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Predators' Fabbro hopes to follow Weber's footsteps

Nashville's 2016 first-round pick grew up fan of top defenseman

by Robby Stanley / Correspondent

NASHVILLE -- Defenseman Dante Fabbro said he grew up a fan of the Nashville Predators because of defenseman Shea Weber.

That made it all the much sweeter when the Predators selected Fabbro with the 17th pick of the 2016 NHL Draft.

"A big thing was I watched Shea Weber quite a bit," Fabbro said Wednesday during Predators development camp. "That just goes with the territory I think. Obviously me liking Shea Weber and growing up to kind of idolize him, the team just kind of followed along with it."

Fabbro watched the way Weber played and tried to model some of his own game after the three-time Norris Trophy finalist. Weber has been regarded as one of the best two-way defensemen in the League for years, and his slap shot has become legendary. Fabbro said he wants to add some of those elements to his game, beginning this fall at Boston University.

"Obviously he's a two-way [defenseman], so that's something I'd like to be one day," Fabbro said. "I think in the last couple of years I've kind of developed my game as that, but I know there's a lot of work. I'm fortunate to go to Boston University next year and work on those things."

Fabbro had 67 points (14 goals, 53 assists) in 45 games with Penticton of the British Columbia Hockey League this season and was named the top defenseman in the BCHL. He was No. 18 on NHL Central Scouting's final ranking of North American skaters for the 2016 draft.

Fabbro's decision to attend college did not deter Predators general manager David Poile from selecting him. Nashville had drafted forward Jimmy Vesey in the third round (No. 66) in the 2012 draft, but after four years at Harvard University and numerous enticements by the Predators, he told the team he would not sign with them. Nashville traded his rights to the Buffalo Sabres for a 2016 third-round pick June 20.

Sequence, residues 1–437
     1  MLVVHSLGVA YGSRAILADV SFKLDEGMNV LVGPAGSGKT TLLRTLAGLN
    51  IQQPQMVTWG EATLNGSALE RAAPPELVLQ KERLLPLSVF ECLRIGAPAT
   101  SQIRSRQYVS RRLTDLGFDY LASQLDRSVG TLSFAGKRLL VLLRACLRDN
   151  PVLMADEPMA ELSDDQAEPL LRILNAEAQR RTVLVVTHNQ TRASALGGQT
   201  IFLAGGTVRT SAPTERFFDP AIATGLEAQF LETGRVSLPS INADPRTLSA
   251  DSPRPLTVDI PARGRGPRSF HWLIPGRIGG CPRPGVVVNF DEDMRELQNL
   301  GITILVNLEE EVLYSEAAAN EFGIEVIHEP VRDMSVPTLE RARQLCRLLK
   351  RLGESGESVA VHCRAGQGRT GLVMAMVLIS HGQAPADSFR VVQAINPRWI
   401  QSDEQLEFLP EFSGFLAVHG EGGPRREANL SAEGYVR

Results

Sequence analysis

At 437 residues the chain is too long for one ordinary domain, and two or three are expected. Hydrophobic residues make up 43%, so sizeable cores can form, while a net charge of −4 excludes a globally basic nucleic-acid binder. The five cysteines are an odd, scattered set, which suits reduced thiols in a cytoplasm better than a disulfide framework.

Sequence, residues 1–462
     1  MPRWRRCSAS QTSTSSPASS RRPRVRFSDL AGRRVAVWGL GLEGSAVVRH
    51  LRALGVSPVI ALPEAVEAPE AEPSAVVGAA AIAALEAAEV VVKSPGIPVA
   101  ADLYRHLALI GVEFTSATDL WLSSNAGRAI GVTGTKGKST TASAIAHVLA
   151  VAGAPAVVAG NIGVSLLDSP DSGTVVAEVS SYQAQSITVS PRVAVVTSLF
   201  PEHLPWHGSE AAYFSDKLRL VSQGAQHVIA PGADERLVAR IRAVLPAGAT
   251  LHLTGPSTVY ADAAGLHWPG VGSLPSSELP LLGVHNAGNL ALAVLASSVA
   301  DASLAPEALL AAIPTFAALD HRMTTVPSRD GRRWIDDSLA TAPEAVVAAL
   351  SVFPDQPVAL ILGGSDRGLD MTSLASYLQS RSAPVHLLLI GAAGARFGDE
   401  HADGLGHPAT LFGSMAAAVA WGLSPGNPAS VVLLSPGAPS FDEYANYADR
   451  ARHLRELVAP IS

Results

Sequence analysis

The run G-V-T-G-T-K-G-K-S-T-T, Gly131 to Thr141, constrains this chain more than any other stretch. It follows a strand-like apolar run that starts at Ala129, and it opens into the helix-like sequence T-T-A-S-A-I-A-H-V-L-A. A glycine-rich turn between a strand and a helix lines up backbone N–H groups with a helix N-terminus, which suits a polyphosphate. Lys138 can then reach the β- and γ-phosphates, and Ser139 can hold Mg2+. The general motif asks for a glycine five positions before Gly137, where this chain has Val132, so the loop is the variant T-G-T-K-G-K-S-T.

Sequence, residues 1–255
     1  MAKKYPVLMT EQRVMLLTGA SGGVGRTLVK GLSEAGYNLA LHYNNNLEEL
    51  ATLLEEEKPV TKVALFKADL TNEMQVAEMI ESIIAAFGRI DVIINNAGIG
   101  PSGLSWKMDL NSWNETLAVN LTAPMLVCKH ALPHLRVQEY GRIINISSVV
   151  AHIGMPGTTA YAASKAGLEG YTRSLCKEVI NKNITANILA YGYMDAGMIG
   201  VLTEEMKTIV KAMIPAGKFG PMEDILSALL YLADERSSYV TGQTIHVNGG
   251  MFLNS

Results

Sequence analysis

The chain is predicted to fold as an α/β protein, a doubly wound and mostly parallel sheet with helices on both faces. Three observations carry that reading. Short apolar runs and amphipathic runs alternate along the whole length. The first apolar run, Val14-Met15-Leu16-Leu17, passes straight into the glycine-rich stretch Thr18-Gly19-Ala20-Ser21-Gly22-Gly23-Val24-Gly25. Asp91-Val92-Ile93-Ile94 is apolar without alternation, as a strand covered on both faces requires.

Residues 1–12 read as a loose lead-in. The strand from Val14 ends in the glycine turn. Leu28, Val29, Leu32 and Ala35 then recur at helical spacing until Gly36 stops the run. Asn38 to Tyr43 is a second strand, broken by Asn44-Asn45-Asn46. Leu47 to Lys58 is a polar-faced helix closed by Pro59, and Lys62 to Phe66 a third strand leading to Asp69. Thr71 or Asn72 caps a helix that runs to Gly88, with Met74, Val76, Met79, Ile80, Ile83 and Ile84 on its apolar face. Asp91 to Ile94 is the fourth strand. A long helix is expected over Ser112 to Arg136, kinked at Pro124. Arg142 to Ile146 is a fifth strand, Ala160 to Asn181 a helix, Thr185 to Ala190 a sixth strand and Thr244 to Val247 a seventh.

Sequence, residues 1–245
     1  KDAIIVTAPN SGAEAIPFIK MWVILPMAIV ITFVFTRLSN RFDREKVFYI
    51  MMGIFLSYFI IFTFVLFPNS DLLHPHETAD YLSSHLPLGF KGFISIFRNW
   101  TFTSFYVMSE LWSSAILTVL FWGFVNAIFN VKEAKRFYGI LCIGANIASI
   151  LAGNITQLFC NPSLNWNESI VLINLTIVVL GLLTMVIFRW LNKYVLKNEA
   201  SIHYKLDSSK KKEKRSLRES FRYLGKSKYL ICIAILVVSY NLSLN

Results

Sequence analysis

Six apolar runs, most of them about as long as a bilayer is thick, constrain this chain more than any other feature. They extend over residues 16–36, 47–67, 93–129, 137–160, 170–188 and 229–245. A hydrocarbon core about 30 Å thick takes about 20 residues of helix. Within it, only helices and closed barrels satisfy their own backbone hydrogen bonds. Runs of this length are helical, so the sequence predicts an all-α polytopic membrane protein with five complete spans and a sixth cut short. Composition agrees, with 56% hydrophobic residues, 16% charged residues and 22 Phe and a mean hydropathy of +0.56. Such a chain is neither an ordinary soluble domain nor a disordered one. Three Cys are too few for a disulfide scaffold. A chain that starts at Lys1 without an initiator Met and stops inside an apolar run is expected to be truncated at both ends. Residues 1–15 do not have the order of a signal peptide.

"Unfortunately you see a lot of teams, because of the Vesey thing and a couple of other players, you see teams arguably taking their players out of college maybe a year early to try to entice them with a contract so they don't have to face that situation," Poile said. "If [Fabbro] is a good player after a couple of years, we'll certainly approach him. If he needs four years, then we'll wait."

Video: Predators draft D Dante Fabbro No. 17

Fabbro said he is open to beginning his professional career as soon as the Predators feel he's ready. He said both sides need to be comfortable with the situation when that time comes.

"I think right now I'm taking it year-by-year," he said. "I'm going there to be a hockey player. I want to make the NHL. I want to play in the NHL someday. If that's after two years, then it's after two years. I'll be glad to come here. It's just one of those things. I think Nashville has to feel comfortable with me coming in and I have to feel comfortable, too. It goes both ways, but obviously it's Nashville's call for sure."

Weber is one of a number of high-end NHL defensemen the Predators have drafted and developed over the years, and Fabbro said he hopes to develop his game to where he's able to join that list.

"You can see their [defense] corps pretty much right from the start, they build it from the goalie out," Fabbro said. "It's definitely an awesome place to play, and obviously it's a hot spot for [defensemen] too. I was pretty stoked I got drafted here, and obviously there's a lot of great guys here too. It's definitely a process, and I'm ready to go for sure."

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